The federal government continues to make progress towards Zero Trust (ZT) adoption. On May 12, 2021, President Biden signed Executive Order 14028 to improve the nation’s cybersecurity and protect federal government networks and on January 26, 2022, the Office of Management and Budget (OMB) released a Federal strategy to move the U.S. Government toward a Zero Trust approach to cybersecurity.
Ensuring federal mission sustainment in today’s heavily-remote environment now requires personnel access to enterprise data and assets from nearly anywhere, not just on-prem, but also in the cloud. Security leaders in state and local government and higher education are facing similar issues too. A traditional approach to security based on a strategy rooted in an on-prem environment simply won’t be effective in an environment where your users and data are being accessed outside the purview of your security team and tools.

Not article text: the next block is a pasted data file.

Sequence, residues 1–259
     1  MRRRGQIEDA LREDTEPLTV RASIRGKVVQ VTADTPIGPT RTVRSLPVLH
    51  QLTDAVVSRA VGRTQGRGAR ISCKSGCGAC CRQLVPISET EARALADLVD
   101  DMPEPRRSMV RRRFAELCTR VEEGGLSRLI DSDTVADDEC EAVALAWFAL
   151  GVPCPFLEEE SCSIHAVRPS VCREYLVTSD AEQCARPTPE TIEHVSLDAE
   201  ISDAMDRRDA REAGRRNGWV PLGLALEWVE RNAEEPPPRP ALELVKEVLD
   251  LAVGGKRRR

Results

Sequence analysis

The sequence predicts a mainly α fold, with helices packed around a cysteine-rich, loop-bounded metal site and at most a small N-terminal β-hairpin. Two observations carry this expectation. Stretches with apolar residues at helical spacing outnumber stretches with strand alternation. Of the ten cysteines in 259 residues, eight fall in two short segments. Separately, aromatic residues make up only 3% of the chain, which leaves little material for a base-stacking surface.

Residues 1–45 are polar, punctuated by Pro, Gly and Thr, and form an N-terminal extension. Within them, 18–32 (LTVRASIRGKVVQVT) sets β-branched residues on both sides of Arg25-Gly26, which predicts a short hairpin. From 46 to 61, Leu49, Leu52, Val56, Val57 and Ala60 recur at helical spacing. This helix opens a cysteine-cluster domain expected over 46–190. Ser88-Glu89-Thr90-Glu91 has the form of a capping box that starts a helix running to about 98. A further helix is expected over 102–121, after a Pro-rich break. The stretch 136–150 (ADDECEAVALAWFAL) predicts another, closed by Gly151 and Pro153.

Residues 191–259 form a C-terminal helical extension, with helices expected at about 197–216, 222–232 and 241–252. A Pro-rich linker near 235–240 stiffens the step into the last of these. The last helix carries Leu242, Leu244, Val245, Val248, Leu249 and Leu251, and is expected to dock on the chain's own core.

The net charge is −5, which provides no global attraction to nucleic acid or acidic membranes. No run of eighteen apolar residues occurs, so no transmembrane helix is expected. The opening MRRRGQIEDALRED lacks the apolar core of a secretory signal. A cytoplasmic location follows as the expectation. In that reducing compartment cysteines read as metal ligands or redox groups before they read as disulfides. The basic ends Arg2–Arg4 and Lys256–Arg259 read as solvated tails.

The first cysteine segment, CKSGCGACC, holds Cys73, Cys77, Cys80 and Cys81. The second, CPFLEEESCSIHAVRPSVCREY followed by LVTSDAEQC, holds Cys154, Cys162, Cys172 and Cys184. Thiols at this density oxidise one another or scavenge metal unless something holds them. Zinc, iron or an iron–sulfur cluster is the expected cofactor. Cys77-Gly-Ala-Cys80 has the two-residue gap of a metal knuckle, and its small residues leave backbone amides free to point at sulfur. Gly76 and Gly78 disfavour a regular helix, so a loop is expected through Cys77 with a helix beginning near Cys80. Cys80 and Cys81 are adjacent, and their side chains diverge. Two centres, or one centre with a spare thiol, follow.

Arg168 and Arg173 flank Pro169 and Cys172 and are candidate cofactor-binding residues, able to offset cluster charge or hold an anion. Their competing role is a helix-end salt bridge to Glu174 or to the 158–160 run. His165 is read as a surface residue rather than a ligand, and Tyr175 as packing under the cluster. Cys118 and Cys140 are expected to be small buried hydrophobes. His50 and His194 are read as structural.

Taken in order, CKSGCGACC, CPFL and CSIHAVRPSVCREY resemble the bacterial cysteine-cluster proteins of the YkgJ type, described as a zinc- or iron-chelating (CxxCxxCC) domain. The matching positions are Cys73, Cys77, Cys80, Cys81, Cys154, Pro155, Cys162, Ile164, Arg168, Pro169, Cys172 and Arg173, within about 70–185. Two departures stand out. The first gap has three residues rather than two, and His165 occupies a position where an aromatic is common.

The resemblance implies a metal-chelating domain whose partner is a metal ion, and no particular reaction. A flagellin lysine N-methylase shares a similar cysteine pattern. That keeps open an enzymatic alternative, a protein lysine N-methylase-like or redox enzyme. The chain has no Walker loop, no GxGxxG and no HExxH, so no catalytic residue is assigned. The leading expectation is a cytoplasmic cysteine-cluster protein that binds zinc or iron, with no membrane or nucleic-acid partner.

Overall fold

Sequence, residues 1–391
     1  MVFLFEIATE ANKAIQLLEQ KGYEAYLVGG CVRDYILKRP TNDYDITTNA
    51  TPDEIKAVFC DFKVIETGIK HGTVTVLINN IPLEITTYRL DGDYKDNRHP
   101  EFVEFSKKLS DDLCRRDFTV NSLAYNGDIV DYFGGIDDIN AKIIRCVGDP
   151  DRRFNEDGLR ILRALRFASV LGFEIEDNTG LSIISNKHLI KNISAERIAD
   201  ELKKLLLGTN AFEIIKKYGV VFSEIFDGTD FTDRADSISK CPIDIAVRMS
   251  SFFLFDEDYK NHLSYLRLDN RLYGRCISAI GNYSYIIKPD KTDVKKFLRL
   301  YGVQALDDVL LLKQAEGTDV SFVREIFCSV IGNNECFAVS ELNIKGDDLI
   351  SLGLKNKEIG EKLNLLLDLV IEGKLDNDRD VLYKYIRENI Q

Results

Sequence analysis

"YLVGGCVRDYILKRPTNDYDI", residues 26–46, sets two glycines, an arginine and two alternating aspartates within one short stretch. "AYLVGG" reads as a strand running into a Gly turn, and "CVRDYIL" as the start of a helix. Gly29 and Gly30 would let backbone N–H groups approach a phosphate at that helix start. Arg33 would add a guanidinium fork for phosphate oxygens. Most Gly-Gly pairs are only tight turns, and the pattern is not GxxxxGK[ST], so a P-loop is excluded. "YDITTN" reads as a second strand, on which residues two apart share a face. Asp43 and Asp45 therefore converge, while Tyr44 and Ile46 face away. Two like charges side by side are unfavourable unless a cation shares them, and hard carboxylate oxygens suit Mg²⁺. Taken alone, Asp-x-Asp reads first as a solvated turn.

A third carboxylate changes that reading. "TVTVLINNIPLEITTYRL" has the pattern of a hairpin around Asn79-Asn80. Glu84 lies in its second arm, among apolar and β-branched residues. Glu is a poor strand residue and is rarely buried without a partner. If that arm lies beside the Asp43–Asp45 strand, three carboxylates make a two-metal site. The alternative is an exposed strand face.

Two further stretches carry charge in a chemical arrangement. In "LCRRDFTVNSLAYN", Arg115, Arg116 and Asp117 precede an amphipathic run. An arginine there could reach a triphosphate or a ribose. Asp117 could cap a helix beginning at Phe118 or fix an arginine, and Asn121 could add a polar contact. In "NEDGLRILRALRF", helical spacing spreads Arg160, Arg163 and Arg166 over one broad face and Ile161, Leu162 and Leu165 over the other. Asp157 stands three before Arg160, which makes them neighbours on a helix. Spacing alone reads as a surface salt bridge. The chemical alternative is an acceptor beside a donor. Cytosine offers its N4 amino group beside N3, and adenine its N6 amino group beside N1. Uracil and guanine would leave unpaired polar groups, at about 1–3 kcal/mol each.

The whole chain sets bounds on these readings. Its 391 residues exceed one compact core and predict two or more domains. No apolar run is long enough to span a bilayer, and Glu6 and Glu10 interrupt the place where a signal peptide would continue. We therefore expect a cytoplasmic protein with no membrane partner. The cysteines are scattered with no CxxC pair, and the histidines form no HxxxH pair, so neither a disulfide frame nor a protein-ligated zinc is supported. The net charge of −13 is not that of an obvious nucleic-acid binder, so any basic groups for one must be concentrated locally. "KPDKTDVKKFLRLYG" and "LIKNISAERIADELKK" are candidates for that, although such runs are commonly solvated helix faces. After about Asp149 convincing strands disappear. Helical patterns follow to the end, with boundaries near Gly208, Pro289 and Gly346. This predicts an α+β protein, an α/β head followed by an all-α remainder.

To address the gaps in security created by this new heavily-remote workforce, agencies are moving towards secure access service edge (SASE), an architecture that combines several different security and networking elements, at one time siloed, for enhanced security in federal enterprises where cloud access and applications are now ubiquitous. Security service edge (SSE), an important concept for understanding the journey to a SASE architecture, represents the evolving security stack needed to successfully achieve a SASE convergence, which includes technology capabilities such as cloud access security broker (CASB), cloud-native Next-Gen Secure Web Gateway (NG SWG), Firewall-as-a-Service, and Zero Trust Network Access (ZTNA) that are core requirements for that stack.
If we usefully organize how SSE solves what security must do in this newer world of keeping data safe in the cloud, there are four core principles:
- Principle #1: Security must follow the data
- Principle #2: Security must be able to decode cloud traffic
- Principle #3: Security must be able to understand the context surrounding data access
- Principle #4: Security can’t slow down the network
With these core SSE principles in mind, here are some security challenges that federal, state, and local government security leaders can overcome by leveraging SSE capabilities as part of a data-centric SASE architecture